Archaeologists decipher ancient Kuschana script

Archaeologists from the University of Cologne have deciphered parts of the Kuschana script that has puzzled researchers for over seventy years.

The Kuschana script is a writing system used in parts of central Asia that is associated with the early nomadic peoples of the Eurasian steppe, such as the Yuèzhī, and the ruling dynasty of the Kushana Empire. The Kushana were most likely one of five branches of the Yuezhi confederation who migrated from northwestern China (Xinjiang and Gansu) and settled in ancient Bactria.

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At its peak, the empire spread to encompass much of what is now Uzbekistan, Afghanistan, Pakistan and Northern India, where inscriptions have been found dating to the era of the Kushan Emperor, Kanishka the Great.

In a study, published in the Wiley Online Library, researchers have deciphered parts of the writing system by examining photographs of inscriptions found in caves, and characters on bowls and clay pots from various Central Asian countries.

So far, 60% of the script characters have been deciphered by studying a short bilingual text carved into a rock face in the Almosi Gorge in north-western Tajikistan, that contains Kuschana script and a section of the Bactrian language.

The team then drew on the known content of the bilingual inscription from Tajikistan and the trilingual inscription from Afghanistan (Gandhari or Middle Indo-Aryan, Bactrian and unknown Kuschana script), enabling them to gradually draw conclusions about the script and language.

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According to the study: “The breakthrough was finally made possible by the royal name Vema Takhtu, which appeared in both Bactrian parallel texts, and the title ‘King of kings’, which could be found in the corresponding sections of the Kuschana script. The title in particular proved to be a good indicator of the underlying language. With the help of the Bactrian parallel text, the linguists were able to analyse further character strings step by step and always determine new phonetic values ​​of individual characters.”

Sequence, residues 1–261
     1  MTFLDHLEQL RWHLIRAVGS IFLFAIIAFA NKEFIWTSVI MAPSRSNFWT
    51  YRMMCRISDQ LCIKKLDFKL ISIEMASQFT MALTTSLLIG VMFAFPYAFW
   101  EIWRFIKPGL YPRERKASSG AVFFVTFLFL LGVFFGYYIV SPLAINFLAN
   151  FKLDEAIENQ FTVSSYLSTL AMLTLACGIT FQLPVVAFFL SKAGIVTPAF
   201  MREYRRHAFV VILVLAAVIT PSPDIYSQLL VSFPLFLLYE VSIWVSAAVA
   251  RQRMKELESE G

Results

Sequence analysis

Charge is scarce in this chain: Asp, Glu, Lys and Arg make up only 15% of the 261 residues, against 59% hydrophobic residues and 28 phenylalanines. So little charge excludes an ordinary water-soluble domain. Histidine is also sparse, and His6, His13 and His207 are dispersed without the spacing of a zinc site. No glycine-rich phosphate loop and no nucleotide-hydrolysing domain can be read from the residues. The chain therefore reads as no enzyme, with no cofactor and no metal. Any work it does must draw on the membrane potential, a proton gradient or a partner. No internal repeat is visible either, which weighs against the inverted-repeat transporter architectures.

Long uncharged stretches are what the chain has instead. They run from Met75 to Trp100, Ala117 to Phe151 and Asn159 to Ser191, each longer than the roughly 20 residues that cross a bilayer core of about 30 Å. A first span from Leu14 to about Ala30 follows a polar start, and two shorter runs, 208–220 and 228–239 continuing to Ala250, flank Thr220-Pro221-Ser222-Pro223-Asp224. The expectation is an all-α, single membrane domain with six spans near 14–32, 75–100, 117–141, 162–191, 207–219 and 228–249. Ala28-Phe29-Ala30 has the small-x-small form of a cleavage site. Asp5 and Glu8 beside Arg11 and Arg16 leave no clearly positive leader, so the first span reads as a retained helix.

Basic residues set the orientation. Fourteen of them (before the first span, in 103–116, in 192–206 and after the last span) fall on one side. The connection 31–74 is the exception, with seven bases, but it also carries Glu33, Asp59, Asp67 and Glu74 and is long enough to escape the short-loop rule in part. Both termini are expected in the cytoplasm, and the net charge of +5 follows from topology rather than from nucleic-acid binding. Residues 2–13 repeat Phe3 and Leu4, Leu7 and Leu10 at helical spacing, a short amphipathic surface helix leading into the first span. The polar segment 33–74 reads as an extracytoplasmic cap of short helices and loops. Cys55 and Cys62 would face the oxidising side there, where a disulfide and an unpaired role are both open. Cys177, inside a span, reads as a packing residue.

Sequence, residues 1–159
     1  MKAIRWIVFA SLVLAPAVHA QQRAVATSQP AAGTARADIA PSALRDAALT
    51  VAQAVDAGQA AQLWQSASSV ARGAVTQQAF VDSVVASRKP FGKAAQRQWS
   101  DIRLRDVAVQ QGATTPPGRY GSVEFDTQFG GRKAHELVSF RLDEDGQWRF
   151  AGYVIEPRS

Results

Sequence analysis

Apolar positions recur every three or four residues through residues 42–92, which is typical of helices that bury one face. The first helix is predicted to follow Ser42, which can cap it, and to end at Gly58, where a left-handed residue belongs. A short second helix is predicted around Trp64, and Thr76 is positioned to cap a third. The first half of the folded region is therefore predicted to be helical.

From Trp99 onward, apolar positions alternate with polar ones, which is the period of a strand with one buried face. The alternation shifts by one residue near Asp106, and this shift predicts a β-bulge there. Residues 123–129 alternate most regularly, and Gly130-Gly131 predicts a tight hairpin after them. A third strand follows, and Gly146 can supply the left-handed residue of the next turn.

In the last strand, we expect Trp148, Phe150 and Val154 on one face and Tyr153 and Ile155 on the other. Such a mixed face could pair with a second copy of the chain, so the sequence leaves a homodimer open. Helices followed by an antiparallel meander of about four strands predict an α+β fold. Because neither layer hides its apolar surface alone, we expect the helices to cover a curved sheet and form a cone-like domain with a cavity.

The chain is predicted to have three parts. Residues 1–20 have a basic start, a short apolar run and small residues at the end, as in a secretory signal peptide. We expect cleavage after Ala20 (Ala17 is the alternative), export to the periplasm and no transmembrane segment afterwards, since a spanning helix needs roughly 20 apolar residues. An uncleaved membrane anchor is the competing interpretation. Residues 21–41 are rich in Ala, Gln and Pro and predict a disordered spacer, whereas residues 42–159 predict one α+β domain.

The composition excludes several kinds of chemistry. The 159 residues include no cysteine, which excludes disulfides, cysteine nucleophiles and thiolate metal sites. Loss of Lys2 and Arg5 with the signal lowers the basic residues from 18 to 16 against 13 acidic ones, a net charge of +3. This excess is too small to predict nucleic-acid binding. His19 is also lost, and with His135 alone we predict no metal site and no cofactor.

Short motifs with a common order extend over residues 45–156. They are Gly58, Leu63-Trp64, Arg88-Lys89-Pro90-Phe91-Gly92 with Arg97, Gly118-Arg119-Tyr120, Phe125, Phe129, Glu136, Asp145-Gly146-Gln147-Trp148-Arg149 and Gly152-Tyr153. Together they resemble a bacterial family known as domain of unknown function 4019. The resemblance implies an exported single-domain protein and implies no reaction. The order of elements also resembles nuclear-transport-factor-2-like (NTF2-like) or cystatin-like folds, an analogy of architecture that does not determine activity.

Dr. des. Svenja Bonmann said: “The decipherment can help to put our understanding of the linguistic and cultural history of Central Asia and the Kuschana Empire on a new basis, similar to the decoding of the Egyptian hieroglyphs or the Maya glyphs.”

University of Cologne

Header Image Credit : Bobomullo Bobomulloev

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Mark Milligan
Mark Milligan
Mark Milligan is multi-award-winning journalist and the Managing Editor at HeritageDaily. His background is in archaeology and computer science, having written over 7,500 articles across several online publications. Mark is a member of the Association of British Science Writers (ABSW), the World Federation of Science Journalists, and in 2023 was the recipient of the British Citizen Award for Education, the BCA Medal of Honour, and the UK Prime Minister's Points of Light Award.

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